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Stock Market Efficiency: Alternative Views Corporate Finance 27.

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Presentation on theme: "Stock Market Efficiency: Alternative Views Corporate Finance 27."— Presentation transcript:

1 Stock Market Efficiency: Alternative Views Corporate Finance 27

2 Stock market efficiency: alternative views Views of professional investors Whether stock markets appear to absorb all relevant (public or private) information (strong-form efficiency) The behavioural-based arguments leading to a belief in inefficiencies The implications of the evidence for efficiency for investors and corporate management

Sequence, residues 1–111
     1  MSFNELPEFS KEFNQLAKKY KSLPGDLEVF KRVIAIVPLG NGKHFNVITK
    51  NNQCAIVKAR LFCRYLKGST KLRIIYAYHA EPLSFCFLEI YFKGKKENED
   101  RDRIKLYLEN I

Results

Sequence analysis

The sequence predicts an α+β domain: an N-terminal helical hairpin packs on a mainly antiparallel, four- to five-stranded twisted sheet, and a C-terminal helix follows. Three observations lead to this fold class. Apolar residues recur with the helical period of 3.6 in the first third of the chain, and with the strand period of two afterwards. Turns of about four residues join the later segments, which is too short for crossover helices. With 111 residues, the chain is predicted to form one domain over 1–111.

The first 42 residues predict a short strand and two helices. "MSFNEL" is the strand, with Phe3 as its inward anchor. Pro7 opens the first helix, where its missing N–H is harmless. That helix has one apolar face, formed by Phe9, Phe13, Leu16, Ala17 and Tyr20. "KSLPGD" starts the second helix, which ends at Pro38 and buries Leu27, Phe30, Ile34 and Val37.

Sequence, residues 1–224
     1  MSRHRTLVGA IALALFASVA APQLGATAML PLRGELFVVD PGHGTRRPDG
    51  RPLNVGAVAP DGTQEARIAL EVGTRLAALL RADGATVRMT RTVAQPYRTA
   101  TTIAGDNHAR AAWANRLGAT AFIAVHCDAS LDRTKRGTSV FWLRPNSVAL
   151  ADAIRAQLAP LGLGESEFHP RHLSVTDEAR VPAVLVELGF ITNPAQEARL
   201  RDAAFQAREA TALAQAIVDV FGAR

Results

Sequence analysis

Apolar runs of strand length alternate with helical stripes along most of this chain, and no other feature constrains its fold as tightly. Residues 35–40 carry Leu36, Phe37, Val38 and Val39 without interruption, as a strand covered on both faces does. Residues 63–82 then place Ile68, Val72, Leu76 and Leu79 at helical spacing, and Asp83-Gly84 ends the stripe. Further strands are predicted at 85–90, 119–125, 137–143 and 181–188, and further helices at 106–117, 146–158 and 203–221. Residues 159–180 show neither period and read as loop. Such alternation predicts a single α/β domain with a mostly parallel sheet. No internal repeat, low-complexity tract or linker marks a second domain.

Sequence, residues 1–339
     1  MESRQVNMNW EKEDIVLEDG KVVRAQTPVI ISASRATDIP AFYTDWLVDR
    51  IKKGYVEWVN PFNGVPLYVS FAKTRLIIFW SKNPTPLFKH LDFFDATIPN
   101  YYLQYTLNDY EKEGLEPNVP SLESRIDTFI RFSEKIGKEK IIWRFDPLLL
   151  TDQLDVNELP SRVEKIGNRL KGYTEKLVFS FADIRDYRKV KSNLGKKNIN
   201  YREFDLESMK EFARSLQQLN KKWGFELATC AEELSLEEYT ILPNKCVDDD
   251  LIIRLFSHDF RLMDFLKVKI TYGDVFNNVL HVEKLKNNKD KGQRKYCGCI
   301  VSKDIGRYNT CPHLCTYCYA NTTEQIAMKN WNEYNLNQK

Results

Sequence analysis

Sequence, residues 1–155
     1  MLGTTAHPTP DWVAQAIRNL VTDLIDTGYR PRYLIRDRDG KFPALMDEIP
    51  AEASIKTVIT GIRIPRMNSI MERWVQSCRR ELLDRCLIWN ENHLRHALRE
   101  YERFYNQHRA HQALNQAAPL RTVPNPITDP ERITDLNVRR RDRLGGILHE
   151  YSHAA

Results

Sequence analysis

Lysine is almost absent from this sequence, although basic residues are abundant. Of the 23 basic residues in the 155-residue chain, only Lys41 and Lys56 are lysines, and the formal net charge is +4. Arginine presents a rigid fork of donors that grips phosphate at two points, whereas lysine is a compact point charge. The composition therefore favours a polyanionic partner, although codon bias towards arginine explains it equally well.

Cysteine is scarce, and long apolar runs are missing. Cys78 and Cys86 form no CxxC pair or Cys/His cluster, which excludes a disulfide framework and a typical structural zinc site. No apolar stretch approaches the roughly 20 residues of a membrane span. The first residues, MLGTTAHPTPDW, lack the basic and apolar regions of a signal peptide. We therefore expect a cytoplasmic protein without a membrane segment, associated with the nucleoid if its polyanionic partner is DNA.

3 Comment on the semi-strong efficiency evidence Despite the evidence of some work showing departures from semi-strong efficiency, for most investors most of the time the market may be regarded as efficient The evidence for semi-strong efficiency is significant but not so overwhelming that there is no hope of outperformance for the able and dedicated Publication bias Hundreds of researchers examining the data A lot of evidence of inefficiency that remains hidden Paradox: in order for the market to remain efficient there has to be a large body of investors who believe it to be inefficient